Oklahoma’s inside linebackers in 2017 embodied everything that has gone wrong with the unit – and in some ways the entire defense – for nearly a decade.
Nine months after he played his last high school snap, true freshman Kenneth Murray trotted out at MIKE LB with the starting defense. An unheralded JUCO transfer, Emmanuel Beal, lined up next to him.
Murray and Beal did their best, but the combination of inexperience and an inability to get off blocks plagued the pair all year. Neither was brought in to the program with the intention that he would be a major contributor at his position last season. Concussion issues sent former WILL LB Tay Evans into retirement early in the 2016 season, forcing Beal into action. Meanwhile, the coaching staff opted to slide Murray over to MIKE, a position the rookie had never played before, to make up for lack of better options.
How did the position reach such a state of disarray? Linebackers coach Tim Kish has excelled at turning project players such as Jordan Evans and Dom Alexander into NFL draft picks. On the other hand, shaky recruiting and roster management are forcing OU to rely on those skills to an unnecessary degree. OU hasn't had any margin for error at the position, even when run-of-the-mill bad luck strikes.
The personnel situation is solidifying – the Sooners certainly aren’t hurting for numbers or talent at inside linebacker now. That has to translate on the field eventually.
Kenneth Murray's freshman season ended with a rough outing versus Georgia in the Rose Bowl. His struggles with run fits and keys against the Bulldogs matched up with how he performed in the regular season. And if all you knew of his rookie year was that cavalcade of busted assignments, you’d think the Sooners were in a heap of trouble at MIKE this season.
Yet, for an 18-year-old who had never played a down at the position in his life, Murray was as good as could be expected. In fact, you could argue Murray is currently tracing a similar trajectory to Jordan Evans, his predecessor at MIKE who's now a Cincinnati Bengal. Both had to bulk up quickly in their freshman years to handle the rigors of playing inside. Circumstance also forced both into action before they were ready.
Additionally, Murray and Evans share the all-around skill set necessary to play inside LB against a spread-heavy schedule like the one Oklahoma plays. Murray pursues well from sideline to sideline and can handle receivers coming out of the backfield. He knows how to deliver a blow when he meets ball carriers in the hole.
Too often, though, he found himself out of plays and swallowed up by blockers who caught him out of position. A year later, Murray should have a better handle on his reads and gap assignments. Once he finds his groove, Murray could emerge as the best player on the entire defense. Hopefully, that happens this season.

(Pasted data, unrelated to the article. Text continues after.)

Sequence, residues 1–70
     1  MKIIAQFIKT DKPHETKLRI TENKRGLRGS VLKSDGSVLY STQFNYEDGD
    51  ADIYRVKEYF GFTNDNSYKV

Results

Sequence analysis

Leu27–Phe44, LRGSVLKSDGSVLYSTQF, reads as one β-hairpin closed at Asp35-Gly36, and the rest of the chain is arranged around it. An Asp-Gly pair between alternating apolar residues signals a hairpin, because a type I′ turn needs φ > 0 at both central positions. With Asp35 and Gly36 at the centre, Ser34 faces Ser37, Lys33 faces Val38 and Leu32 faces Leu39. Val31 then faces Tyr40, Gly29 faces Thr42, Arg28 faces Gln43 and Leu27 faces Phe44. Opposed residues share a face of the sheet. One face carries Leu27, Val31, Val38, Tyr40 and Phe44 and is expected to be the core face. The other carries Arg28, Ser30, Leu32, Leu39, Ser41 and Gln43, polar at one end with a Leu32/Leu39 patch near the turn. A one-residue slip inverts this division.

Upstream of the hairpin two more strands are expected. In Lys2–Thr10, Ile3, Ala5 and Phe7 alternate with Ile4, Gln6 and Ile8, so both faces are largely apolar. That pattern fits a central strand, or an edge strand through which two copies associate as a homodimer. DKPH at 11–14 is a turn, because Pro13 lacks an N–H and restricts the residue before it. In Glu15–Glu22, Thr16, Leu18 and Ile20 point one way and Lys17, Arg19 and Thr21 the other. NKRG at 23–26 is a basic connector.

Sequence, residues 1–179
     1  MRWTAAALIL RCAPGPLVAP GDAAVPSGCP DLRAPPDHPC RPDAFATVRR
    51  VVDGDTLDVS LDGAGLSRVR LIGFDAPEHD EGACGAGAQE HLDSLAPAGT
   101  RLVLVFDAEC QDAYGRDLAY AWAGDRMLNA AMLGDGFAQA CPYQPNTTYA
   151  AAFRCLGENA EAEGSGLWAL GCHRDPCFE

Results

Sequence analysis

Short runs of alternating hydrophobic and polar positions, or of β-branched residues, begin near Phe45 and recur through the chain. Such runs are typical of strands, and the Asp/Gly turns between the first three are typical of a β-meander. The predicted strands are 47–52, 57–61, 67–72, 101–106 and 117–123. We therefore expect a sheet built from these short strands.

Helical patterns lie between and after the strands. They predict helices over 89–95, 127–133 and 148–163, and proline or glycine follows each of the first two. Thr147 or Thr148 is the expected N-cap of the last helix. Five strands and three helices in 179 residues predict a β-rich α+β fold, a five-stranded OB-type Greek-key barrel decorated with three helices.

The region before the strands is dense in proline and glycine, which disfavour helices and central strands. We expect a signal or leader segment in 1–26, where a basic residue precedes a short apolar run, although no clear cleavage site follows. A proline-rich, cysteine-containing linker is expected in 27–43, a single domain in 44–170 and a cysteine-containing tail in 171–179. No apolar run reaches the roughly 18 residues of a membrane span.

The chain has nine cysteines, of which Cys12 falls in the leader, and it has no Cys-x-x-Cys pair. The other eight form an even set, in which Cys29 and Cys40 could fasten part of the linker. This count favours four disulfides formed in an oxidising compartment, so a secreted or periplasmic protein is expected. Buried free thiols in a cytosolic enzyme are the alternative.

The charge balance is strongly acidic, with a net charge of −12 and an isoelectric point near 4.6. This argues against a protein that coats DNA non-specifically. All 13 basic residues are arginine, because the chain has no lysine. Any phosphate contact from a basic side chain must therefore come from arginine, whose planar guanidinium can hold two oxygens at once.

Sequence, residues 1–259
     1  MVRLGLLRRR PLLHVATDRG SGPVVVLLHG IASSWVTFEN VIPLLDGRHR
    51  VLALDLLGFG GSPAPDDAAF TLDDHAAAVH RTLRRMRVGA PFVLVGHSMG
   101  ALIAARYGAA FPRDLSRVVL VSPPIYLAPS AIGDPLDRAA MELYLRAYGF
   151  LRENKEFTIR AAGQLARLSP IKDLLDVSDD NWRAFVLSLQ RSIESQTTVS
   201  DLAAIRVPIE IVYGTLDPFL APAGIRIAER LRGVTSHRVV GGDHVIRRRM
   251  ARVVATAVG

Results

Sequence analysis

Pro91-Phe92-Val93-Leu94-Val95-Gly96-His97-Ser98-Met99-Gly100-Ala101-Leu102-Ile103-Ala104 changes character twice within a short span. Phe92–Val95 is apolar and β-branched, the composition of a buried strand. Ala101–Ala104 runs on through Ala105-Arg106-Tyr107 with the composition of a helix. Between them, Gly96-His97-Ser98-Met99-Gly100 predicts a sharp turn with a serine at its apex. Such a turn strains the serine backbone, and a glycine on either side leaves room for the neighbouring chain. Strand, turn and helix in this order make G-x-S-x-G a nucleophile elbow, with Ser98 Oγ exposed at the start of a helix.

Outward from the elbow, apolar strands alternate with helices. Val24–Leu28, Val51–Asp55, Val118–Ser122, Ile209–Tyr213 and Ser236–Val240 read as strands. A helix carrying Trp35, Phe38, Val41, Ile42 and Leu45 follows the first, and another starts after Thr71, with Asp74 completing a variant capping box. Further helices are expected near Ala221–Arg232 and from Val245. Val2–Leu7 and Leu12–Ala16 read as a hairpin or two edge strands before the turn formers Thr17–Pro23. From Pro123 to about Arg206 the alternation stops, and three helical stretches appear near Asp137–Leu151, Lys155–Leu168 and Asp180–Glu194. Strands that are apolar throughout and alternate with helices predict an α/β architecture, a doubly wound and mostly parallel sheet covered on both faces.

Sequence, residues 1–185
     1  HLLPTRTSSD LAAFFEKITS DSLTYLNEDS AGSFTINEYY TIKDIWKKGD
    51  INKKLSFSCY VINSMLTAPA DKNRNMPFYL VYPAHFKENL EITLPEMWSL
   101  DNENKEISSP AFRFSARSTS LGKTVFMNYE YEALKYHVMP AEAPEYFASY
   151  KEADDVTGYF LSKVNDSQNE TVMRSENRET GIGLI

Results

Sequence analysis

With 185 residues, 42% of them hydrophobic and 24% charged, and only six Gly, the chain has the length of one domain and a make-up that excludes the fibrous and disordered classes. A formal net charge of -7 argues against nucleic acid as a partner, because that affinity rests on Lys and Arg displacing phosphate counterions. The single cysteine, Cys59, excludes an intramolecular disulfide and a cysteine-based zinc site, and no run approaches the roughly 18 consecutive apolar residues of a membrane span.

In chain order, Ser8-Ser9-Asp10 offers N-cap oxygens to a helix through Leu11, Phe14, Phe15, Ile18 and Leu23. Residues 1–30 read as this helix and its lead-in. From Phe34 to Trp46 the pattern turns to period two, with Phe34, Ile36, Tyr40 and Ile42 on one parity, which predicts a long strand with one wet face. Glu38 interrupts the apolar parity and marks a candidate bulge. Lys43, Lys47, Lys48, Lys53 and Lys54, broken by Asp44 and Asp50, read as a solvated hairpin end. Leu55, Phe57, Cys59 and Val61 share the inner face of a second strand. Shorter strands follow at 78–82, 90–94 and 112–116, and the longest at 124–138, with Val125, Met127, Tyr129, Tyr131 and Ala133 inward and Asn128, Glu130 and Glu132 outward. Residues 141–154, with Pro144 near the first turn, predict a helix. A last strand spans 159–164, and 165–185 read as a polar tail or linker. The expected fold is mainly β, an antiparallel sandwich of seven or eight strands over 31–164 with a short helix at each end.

As for the backups, Jon-Michael Terry has the raw materials to be an all-conference LB – emphasis on raw. OU’s coaches spoke highly of JMT in the spring, suggesting the light bulb is flickering on for him. It won't be enough to unseat Murray if so, but it would give the Sooners the reliable backup option at MIKE that was missing in the past.
Four-star recruit DaShaun White appears headed for a redshirt. He's currently tipping the scales at just 221 pounds, so bulking up in the strength program sounds like a must. That doesn't mean he won't be pressed into service at MIKE if disaster strikes the players ahead of him. The new redshirt rules could possibly allow him to serve as a stopgap measure in that case.
Although not entirely unexpected, Caleb Kelly’s switch from the outside LB on the strong side of the defense to WILL LB on the interior still made waves this spring. I've written previously regarding my concerns about the challenges facing Kelly in making this move.
I do assume that Kelly will get the job, but he could wind up in the middle of heated position battle.
An injury sidelined Claremore product Levi Draper during his freshman season in 2017, but the former four-star recruit looked the part in the spring game – agile, good instincts, solid in coverage over the middle of the field. He’d probably be next in line behind Kelly.
Although lacking in size, senior Curtis Bolton possesses the experience to become a capable backup. Bolton was even getting snaps as part of rush packages last season before an injury cut his year short. What’s unclear is if Kish and Stoops view Bolton more as a specialist or an every-down player. Either way, he'll likely have the biggest impact on the defense as a rusher again this year.